The Best and Worst Cities for Verizon 5G

Verizon’s 5G network is at a fork in the road. After two years of chugging along installing short-range millimeter-wave 5G, it hopes to turn on mid-band 5G for 100 million Americans next year. This “C-band” launch will help Verizon compete with T-Mobile, which dominated this year’s Fastest Mobile Networks tests.

We drove more than 10,000 miles across the United States, surveying both 4G and 5G networks, and discovered that 2021 will be a difficult year for Verizon. Its millimeter-wave 5G network simply does not have the range to compete with T- Mobile’s, and the performance of its “nationwide” 5G network does not differ significantly from that of its 4G network.

However, all is not lost for the country’s largest wireless carrier. From our research, we selected five cities where Verizon is doing particularly well, and five where you may want to switch carriers.

The Best and Worst Cities for Verizon 5G

The 5 Best Cities for Verizon 5G

The five cities listed below all had adequate millimeter-wave coverage and adequate Verizon 4G coverage to fill in the gaps, and they are on Verizon’s list for potential C-band rollouts next year. That means the Verizon experience is excellent right now and will only improve in the future.

Salt Lake City

In our tests, Verizon achieved peak speeds of 1.9Gbps and average 5G download speeds of 230Mbps thanks to millimeter-wave 5G coverage throughout the city center—a significant improvement over the carrier’s 4G average of 149Mbps. Verizon has partnered with T-Mobile to provide the city’s Fastest Mobile Network.


Verizon’s millimeter-wave 5G was visible in Deep Ellum, University Park, and along the highways. It achieved some of the highest average 5G Verizon speeds in Dallas—355Mbps down and 40Mbps up, which is more than four times the download speed and three times the upload speed of 4G. If you spend a lot of time in and around Dallas, it’s worth upgrading to 5G.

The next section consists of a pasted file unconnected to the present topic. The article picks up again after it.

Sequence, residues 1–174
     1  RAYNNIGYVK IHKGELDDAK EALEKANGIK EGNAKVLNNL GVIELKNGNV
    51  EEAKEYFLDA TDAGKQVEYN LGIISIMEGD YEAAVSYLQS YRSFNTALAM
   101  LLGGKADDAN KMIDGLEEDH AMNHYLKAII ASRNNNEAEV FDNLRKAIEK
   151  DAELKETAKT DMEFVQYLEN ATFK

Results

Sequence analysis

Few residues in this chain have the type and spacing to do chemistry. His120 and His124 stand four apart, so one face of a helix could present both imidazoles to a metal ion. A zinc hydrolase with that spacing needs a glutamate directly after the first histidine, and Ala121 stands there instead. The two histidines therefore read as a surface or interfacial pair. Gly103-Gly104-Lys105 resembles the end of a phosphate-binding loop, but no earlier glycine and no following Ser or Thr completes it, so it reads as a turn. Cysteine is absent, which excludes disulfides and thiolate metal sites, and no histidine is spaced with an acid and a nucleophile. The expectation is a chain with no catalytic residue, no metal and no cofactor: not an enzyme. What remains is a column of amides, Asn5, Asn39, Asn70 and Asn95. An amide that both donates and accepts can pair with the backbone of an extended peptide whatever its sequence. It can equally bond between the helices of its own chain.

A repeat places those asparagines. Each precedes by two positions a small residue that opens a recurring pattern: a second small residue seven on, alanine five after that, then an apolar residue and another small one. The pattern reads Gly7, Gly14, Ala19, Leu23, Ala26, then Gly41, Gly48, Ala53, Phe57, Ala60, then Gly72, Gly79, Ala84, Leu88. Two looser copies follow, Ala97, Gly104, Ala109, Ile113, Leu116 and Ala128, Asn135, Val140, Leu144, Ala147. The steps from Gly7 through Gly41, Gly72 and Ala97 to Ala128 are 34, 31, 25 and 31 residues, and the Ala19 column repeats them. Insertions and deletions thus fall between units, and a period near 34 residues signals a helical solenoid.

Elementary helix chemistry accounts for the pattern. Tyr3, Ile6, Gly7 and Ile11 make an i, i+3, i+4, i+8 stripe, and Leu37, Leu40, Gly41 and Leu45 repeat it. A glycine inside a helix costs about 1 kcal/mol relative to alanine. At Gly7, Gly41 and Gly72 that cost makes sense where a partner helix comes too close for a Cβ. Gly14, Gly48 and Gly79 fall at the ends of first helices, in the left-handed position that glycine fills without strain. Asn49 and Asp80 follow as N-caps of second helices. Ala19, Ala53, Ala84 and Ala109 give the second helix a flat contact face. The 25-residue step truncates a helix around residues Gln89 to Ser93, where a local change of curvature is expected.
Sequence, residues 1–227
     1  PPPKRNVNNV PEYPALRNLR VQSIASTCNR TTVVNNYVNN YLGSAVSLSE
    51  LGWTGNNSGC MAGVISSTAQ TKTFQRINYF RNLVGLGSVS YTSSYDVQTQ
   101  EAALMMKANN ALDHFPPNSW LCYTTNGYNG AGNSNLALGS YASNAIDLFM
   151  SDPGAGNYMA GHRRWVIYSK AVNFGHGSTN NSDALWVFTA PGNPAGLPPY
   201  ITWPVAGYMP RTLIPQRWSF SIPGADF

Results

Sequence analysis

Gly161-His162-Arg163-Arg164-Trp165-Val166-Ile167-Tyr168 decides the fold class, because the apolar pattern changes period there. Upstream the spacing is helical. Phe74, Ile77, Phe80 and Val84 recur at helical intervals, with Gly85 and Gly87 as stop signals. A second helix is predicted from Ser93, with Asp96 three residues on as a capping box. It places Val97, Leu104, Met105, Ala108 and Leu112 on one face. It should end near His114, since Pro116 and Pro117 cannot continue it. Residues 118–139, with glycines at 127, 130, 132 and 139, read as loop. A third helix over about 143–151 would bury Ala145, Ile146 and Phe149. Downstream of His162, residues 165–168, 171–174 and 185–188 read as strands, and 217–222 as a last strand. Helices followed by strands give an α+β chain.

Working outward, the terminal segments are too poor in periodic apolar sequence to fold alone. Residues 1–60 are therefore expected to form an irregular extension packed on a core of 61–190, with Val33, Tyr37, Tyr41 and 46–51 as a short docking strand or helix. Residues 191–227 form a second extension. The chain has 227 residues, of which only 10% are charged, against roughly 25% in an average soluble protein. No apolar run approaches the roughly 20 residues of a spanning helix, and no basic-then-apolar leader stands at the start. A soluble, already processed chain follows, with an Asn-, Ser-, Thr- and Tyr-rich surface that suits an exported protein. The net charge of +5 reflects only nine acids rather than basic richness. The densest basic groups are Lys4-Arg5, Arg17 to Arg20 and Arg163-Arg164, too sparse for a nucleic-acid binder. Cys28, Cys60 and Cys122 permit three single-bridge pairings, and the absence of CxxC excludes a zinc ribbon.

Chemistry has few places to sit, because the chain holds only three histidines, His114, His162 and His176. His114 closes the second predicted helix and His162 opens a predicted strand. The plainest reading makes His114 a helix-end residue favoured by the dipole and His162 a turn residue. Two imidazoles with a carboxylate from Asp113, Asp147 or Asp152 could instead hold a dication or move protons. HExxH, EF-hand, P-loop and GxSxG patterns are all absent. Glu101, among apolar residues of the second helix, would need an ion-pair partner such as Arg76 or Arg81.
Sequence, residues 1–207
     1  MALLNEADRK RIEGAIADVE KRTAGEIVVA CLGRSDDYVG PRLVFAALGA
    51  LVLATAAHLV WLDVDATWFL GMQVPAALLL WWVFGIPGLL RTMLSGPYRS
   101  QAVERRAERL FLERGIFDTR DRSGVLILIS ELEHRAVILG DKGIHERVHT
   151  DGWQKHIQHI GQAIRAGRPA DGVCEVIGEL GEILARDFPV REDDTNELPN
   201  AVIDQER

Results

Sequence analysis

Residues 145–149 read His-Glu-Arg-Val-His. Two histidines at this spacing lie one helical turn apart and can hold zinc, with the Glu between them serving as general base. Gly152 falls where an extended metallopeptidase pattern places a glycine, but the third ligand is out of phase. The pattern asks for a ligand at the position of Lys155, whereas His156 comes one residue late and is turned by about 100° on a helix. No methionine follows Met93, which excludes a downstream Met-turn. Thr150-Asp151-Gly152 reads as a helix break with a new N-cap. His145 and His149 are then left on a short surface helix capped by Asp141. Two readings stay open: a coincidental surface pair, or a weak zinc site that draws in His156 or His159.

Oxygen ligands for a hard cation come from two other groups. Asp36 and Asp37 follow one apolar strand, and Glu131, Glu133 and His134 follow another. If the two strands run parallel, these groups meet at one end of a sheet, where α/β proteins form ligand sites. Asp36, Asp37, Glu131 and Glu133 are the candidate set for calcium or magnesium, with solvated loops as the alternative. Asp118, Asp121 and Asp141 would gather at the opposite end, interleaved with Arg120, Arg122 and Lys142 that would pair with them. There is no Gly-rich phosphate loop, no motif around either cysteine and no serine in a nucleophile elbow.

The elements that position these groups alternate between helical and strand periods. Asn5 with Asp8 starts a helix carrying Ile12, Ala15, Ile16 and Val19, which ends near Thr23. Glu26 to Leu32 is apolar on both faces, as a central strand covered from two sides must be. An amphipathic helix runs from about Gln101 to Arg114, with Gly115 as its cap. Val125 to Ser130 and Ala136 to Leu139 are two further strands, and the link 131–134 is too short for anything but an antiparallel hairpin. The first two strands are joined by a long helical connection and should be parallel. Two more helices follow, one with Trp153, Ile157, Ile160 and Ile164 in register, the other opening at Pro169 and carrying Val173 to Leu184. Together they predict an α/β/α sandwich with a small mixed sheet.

Verizon millimeter-wave 5G was visible throughout Center City, University City, near the stadium, and near the art museum, earning Verizon the title of Philadelphia’s Fastest Mobile Network. Peak download speeds reached 1.73Gbps, with average download speeds of 265Mbps—roughly triple Verizon’s 4G speeds. It’s time to upgrade to Verizon 5G in Philadelphia if you haven’t already.


In Houston, a line of Verizon millimeter-wave 5G results stretching from downtown to Uptown showed peak speeds of 1.39Gbps. Verizon had the fastest overall 5G download speeds in the city, with average download speeds of 180Mbps. It didn’t win the city because we saw T-5G Mobile’s here more frequently than Verizon’s.


With peak speeds of 1.94Gbps, Verizon’s millimeter-wave 5G blazed its way from Five Points to Buckhead.
Verizon customers in Atlanta who upgrade from 4G to 5G will see significant speed increases in the city’s core, with average download speeds increasing from 89Mbps to 146Mbps.

The 5 Worst Cities for Verizon 5G

To improve its performance in these cities, Verizon will need to rapidly expand its C-band network. While they’re all on Verizon’s upcoming C-band list, we saw little or no millimeter-wave action and generally poor performance on Verizon’s nationwide 5G network in these five cities.

Oklahoma City

In Oklahoma City, Verizon’s 4G and 5G networks both underperformed. While we saw flashes of millimeter-wave 5G near the Belle Isle Station mall, they weren’t enough to compensate for the sluggish overall performance.


Millimeter-wave 5G in Wynwood and south of Downtown Miami couldn’t save Verizon’s overall poor 5G performance in Miami. Looking deeper into the results, we discovered that we were still getting sub-4G speeds despite the presence of a 5G icon, indicating that there was probably a network configuration issue. Miami residents should probably turn off 5G until C-band is available.

Kansas City

In Kansas City, we saw no fast millimeter-wave 5G and poor “nationwide” 5G speeds. Verizon’s 4G performance was even worse, with what appeared to be severe network congestion causing issues. Change to T-Mobile.

San Diego

Verizon’s fast millimeter-wave 5G service is so spotty in San Diego that we couldn’t locate it this time. Its 5G performance was nearly identical to its 4G performance. Both networks are dependable, but they lack in terms of speed and capacity.


In Austin, 5G performance was worse than 4G. Given the reliability of Verizon’s 4G network in Austin, you might as well turn off 5G until C-band arrives and save some battery.

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